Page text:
That is probably the absolute cheesiest title ever. I really, really apologize but there are minimal puns to be had with the word “Wolof.” And, evidently, a pun needed to be had. Anyways, this post is very much related to the Wolof language study grant for which I applied and am currently trying (and failing) not to obsess about. For those of you not up on your indigenous West African languages (shame!) Wolof is the most widely spoken language in Senegal. It is an Atlantic branch of the Niger-Congo language family, and is the native tongue of the Wolof ethnic group (found in Senegal, Gambia and Mauritania). It also, in its own way, was affected by something which for the purposes of this entry I shall be referring to as “linguistic colonialism.” Below the fold, find my second-rate attempt at Chomskyism.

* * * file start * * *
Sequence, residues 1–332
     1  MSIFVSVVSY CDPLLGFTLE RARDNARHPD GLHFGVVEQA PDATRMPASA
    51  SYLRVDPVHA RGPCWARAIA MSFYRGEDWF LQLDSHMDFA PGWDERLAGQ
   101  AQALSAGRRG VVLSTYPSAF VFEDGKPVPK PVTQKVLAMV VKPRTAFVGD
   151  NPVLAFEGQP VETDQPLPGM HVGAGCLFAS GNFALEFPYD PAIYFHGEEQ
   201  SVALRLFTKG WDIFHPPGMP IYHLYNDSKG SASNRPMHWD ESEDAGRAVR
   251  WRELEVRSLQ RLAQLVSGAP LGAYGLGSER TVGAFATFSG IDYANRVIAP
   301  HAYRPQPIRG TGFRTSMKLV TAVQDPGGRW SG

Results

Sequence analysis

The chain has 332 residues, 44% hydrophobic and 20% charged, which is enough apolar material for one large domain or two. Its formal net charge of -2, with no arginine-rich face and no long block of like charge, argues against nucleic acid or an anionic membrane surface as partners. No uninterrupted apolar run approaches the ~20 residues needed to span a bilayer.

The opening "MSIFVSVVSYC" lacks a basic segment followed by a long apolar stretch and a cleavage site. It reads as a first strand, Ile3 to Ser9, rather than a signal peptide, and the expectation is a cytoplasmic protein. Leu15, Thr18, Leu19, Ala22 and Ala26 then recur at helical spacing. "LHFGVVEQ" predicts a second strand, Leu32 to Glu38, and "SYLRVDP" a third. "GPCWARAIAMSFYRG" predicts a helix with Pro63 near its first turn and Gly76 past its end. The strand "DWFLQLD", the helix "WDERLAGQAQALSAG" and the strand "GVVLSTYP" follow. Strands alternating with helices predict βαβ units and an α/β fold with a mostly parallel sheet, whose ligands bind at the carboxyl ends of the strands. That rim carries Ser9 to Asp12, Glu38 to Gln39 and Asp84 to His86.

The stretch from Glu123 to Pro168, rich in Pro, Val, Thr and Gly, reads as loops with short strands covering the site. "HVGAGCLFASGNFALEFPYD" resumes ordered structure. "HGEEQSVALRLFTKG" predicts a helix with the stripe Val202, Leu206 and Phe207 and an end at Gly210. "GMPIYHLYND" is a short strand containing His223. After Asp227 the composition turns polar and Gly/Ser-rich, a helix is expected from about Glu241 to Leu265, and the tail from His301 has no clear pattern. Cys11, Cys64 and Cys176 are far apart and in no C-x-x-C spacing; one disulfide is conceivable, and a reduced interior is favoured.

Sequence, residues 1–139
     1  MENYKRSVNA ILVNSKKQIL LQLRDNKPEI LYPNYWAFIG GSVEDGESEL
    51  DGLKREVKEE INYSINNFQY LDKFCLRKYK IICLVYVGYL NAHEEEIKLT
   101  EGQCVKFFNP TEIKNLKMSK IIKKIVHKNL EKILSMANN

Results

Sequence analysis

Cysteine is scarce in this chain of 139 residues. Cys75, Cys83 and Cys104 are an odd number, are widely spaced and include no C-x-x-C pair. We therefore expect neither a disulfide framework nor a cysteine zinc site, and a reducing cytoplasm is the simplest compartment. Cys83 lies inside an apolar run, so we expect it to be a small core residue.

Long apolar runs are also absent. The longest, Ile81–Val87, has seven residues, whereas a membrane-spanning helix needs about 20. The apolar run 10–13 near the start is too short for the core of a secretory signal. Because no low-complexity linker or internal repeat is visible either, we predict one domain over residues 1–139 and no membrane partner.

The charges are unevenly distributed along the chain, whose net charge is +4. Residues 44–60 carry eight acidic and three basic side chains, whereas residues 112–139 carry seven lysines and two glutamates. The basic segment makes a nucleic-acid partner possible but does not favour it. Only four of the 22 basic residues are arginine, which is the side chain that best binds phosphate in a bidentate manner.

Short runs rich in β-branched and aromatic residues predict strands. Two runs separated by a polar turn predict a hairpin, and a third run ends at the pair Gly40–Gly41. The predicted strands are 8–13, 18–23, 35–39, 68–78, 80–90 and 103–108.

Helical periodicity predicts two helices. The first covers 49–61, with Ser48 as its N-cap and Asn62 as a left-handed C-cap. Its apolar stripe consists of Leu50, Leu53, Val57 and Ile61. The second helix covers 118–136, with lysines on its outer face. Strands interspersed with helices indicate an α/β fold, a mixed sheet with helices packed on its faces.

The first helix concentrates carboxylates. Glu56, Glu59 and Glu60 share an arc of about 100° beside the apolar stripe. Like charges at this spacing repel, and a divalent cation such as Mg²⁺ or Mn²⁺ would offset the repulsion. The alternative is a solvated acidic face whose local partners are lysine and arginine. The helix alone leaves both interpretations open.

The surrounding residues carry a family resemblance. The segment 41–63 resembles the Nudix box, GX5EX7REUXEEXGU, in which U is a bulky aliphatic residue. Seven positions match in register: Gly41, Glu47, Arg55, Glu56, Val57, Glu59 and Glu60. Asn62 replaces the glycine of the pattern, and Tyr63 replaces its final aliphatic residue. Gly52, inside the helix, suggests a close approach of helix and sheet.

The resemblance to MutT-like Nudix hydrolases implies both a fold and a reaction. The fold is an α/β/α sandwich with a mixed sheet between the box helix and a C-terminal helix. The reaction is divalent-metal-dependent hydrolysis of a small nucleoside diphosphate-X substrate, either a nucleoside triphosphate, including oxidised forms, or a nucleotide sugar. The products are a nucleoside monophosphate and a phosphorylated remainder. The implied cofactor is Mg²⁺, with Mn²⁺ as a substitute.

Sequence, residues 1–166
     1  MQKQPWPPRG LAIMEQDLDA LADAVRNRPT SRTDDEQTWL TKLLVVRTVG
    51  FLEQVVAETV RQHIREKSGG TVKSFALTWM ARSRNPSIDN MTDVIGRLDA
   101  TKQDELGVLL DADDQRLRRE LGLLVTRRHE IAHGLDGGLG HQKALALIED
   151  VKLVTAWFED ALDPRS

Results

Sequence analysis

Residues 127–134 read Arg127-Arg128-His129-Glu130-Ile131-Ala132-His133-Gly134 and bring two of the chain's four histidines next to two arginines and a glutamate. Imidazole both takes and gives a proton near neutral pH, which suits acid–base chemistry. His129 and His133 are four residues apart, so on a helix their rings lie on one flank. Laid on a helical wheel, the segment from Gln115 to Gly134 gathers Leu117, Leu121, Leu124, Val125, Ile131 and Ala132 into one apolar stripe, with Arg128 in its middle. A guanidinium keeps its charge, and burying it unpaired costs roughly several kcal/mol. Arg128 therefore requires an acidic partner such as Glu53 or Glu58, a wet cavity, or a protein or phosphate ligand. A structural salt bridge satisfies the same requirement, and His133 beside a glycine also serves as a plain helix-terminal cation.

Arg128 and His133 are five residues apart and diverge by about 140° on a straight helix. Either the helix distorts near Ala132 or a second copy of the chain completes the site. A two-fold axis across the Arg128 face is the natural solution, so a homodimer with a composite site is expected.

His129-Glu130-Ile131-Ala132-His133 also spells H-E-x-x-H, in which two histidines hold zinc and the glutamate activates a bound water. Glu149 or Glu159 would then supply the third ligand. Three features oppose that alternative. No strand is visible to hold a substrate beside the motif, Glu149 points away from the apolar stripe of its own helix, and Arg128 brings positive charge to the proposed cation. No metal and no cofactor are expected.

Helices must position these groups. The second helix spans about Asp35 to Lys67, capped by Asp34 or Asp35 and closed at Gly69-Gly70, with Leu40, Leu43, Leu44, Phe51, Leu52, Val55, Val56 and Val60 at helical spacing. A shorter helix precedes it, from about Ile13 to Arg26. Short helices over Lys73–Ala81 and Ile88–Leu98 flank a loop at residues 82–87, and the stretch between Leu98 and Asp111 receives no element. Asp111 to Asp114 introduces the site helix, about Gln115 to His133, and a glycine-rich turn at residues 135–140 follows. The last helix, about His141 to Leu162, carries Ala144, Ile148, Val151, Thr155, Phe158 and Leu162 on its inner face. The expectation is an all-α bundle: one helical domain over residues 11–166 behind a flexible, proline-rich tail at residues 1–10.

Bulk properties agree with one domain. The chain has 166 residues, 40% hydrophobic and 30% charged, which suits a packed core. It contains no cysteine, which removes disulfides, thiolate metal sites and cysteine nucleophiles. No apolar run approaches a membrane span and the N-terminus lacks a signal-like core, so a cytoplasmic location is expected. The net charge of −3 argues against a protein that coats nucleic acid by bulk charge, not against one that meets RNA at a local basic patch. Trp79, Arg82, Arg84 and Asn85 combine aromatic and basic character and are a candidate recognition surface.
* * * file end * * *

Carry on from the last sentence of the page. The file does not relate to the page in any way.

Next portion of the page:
Metaphor and Religion Saturday, Feb 27 2010
It should come as little surprise to many of you that, as a die-hard word-nerd, linguistic anthropology should be an area of significant interest to me. The particulars of language can carry powerful symbolic (or, for you fellow pointy-headed social scientists, “semiotic”) import. Language can be sexy; we talk of “pregnant” pauses or “copulative” verbs. From the time humanity began to orally communicate as well as set ink to paper, our identities and perspectives have been shaped in part by our use of language (more will be blogged on that part at a later date. Also, yes; I know I just split an infinitive. More on that at a still later date).
I understand if many of you find a post about language dryer than a Sauna in Tuscan. If Tuscan were relocated to the Sahara. Click on the link, then, if you dare.